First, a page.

How do you calculate the derivative of #intsqrt((x^3-2x+6) )dx# from #[x^2,-2]#?
You are asking for:
That looks odd, right(?!?!), because one letter,
It can be written with a new dummy variable for the integration, which we label as
You can, from here, evaluate the integral, and apply the interval. Or you can differentiate under the integral sign.
The FTC says that:
#d/dx ( int_(a)^(x) f(Omega) \ dOmega ) = f(x)#
Add in a variable limit and the Chain Rule:
#d/dx ( int_(a)^(g(x)) f(Omega) \ dOmega ) = f(g(x)) * g'(x) #
Reverse the limits:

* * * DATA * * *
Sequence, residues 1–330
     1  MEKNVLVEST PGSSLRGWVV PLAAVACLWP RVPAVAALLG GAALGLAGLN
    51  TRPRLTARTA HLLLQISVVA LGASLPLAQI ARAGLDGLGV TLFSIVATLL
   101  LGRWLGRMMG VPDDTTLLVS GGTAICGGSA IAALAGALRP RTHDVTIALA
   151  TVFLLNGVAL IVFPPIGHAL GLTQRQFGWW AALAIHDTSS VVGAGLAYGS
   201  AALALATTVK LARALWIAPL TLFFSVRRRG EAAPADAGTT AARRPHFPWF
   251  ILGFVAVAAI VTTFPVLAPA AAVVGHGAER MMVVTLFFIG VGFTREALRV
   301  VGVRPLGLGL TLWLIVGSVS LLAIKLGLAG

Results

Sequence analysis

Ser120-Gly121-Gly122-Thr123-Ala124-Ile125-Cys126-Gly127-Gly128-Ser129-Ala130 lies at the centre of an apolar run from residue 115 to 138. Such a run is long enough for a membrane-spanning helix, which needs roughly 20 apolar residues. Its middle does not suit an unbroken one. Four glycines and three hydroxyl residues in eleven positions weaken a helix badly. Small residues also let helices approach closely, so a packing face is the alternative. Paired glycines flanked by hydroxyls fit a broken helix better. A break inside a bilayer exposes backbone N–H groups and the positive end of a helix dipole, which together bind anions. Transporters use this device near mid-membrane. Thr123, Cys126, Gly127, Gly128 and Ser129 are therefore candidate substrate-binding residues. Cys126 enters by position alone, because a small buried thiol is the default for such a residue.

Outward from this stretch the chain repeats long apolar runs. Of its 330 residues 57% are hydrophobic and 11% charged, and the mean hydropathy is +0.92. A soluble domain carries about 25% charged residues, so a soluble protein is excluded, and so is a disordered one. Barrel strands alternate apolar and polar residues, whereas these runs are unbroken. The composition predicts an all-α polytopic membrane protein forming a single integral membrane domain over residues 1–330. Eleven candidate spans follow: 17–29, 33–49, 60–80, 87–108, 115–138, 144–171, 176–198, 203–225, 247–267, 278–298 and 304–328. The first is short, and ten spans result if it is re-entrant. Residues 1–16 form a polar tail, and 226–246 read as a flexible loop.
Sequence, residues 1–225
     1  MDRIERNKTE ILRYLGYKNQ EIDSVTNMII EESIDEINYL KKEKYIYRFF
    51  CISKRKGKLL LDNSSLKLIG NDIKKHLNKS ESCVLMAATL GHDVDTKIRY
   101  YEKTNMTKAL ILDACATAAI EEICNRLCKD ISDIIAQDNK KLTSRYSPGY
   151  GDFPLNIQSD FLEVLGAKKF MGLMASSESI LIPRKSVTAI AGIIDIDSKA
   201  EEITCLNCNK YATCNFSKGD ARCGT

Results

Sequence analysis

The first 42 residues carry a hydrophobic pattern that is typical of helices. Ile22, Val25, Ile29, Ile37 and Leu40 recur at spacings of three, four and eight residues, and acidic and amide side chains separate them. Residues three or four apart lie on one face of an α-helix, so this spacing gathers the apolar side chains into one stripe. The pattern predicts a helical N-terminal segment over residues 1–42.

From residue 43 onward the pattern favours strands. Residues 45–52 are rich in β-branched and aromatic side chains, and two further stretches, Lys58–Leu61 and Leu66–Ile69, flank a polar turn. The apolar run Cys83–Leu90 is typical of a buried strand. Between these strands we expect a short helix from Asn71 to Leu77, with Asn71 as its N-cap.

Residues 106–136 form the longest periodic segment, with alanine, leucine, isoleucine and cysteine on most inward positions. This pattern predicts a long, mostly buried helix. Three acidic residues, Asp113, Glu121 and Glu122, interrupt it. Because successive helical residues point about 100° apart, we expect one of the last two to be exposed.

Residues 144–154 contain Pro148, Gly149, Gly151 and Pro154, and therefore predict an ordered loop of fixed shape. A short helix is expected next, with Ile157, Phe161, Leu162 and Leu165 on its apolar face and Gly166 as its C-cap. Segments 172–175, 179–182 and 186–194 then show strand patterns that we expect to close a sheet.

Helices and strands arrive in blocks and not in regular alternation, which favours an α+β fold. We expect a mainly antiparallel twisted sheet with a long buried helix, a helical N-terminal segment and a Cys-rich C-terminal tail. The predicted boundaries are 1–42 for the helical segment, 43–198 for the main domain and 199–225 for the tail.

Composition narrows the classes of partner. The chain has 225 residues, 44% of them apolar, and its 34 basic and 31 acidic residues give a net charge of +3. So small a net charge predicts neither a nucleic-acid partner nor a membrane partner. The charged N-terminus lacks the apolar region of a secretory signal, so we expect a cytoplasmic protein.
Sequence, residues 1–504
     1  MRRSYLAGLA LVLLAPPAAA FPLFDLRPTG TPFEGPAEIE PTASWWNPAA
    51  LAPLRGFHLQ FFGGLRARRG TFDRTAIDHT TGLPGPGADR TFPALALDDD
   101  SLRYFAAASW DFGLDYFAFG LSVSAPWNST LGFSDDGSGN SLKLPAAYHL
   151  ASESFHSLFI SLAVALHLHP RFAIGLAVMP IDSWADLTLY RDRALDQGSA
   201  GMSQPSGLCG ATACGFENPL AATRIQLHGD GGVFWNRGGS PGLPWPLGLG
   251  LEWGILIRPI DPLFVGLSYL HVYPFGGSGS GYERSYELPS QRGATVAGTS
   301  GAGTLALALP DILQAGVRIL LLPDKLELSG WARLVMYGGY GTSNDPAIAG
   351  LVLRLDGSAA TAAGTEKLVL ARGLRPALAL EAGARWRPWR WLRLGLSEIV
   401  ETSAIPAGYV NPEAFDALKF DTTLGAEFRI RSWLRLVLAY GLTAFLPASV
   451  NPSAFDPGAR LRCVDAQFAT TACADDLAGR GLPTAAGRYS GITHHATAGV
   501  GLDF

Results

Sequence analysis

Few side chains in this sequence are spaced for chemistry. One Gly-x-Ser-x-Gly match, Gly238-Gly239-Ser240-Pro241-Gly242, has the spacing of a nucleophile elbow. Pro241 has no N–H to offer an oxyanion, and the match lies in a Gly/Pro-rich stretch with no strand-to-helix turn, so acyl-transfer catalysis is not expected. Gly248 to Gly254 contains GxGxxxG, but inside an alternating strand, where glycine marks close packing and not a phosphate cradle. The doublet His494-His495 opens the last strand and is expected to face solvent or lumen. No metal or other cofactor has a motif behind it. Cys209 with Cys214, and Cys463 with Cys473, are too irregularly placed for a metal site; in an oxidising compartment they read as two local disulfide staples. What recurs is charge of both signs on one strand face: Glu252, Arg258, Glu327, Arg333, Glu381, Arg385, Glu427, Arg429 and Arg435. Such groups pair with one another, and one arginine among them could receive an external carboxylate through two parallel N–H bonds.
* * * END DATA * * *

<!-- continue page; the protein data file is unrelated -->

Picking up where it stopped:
#d/dx ( int_(g(x))^(a) f(Omega) dOmega ) = - f(g(x)) * g'(x) #
So our answer is:
x is used as variable in integration and also in one of the limits. It is derivative with respect to x in the integrand. So, integrand is the derivative. Answer:
It is a good convention not to use x in the limits, as dummy variable
in the integrand.
If the question is to calculate the derivative with respect to x of
integral that is a function of x (not X ). In this form, it is derivative
with respect to x of the integral evaluated between the limits.